The value of the INR has an interesting story as it was originally held to a silver standard while at the same time most world banks were one version or another of the gold standard. This became a problem when in the 19th century the price of silver dropped significantly compared to gold because large deposits of silver were being found in both the United States and Europe. This in effect devalued the INR significantly relatively to other world currencies pegged to gold, a single event where had it been the reverse and gold dropped below silver, would have significantly changed the landscape of the economy of India. But as it was, the drop in silver without the corresponding drop in gold devalued the INR significantly making it difficult for India to purchase goods in world markets. This silver standard was adhered to by the RBI in spite of many efforts by outside forces to convert the INR to a gold based currency. Over time all efforts at this conversion failed and the INR remained a silver standard currency until the late 20th century when the INR became a floating currency pegged to a basket of goods and currencies.

While the INR does have this exchange rate based on a basket of goods and currencies, its market value in practice is oftentimes tied directly to the USD/INR currency pair, giving the market a real time exchange rate independent of the RBI controlled rate. This currency pair is widely used and as a result has developed into a type of managed float for the INR relative to the USD. This occurs with other major currencies, but the RBI has proactively attempted at times to separate the INR from the USD, with each attempt failing due to the underlying mandate of the RBI as price stability and low volatility, not the way in which the INR interacts with other currencies.

For many years the differentiation in parsing the circulated INR was not consistent with the decimal system in use by most major currencies. This issue was compounded by the fact that in India the names for different numbers within the decimal system are not the same as in English and other languages nor do they take the same increasingly logical progression using standardized decimal terminology. This has led many currency and business traders dealing with the INR with convoluted contracts where presumptions as to definitions have led to countless disagreements. While the decimalization of the INR occurred in 1957, the language and writing differences remain difficult for the uninformed to understand. In India any number larger than one hundred thousand rupee are referred to as lakhs and crores where one lakh is equal to one hundred thousand and one crore is equal to ten million. This confusion is compounded with each comma in the numbering system not being a factor of three, but a factor of that numerical category. This particular decimalization should be studied by anyone trading the INR or doing international trade using the INR.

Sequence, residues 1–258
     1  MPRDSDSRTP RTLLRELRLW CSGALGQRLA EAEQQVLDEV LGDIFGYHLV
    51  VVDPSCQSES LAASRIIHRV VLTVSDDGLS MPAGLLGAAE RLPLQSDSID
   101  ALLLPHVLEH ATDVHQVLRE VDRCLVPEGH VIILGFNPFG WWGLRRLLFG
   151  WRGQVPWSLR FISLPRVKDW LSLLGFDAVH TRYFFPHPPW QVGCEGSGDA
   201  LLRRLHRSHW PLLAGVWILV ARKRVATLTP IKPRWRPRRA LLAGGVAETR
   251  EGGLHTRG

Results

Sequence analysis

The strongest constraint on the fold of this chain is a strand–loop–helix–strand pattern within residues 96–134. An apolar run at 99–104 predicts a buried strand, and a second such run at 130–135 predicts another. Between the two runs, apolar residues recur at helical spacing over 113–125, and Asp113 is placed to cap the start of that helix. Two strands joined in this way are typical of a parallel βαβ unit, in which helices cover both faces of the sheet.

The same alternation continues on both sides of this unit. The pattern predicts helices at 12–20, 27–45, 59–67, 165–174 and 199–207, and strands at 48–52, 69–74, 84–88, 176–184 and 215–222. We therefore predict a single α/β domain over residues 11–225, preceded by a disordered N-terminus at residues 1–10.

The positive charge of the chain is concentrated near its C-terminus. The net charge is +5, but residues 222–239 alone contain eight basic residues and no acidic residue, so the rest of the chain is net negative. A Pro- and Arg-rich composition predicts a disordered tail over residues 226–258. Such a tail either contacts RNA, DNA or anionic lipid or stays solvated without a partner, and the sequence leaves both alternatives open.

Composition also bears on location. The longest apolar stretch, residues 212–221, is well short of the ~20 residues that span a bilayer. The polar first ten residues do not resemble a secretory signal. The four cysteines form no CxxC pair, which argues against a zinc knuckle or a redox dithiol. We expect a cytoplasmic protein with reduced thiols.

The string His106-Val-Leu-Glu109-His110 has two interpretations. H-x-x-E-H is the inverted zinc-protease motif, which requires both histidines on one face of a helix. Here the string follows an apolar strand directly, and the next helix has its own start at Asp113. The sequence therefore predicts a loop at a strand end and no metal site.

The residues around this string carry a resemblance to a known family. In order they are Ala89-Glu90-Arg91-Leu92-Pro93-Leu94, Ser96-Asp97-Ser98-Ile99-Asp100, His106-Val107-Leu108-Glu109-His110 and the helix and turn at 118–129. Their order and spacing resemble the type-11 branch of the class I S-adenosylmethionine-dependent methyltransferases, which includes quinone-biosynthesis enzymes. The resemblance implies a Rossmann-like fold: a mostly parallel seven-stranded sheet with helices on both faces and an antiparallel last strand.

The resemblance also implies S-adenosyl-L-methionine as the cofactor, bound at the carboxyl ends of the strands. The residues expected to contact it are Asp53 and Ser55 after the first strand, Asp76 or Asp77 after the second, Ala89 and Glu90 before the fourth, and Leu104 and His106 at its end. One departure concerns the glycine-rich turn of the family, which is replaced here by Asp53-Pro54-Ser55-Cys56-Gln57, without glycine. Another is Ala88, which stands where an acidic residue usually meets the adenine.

This problem of numeric consistency, decimalization, the RBI attempts at control of exchange rates, and the Government if India's insistence on not fully letting go of a centrally planned and controlled economy has inhibited the growth and acceptance of the INR worldwide. These policies and central government attempts at intervention are reducing with each successive year as the government accepts the efficiencies of the open market and further releases their growth inhibiting central planning and control mechanisms. Over time, this further adoption of the free market will likely propel the INR to increasingly important levels of importance in worldwide markets as the underlying productivity of the Indian economy is allowed to continue its solid path of growth under the freedom of increasingly free markets.

Other References
Wikipedia article on Indian Rupee Live Currency Converter for INR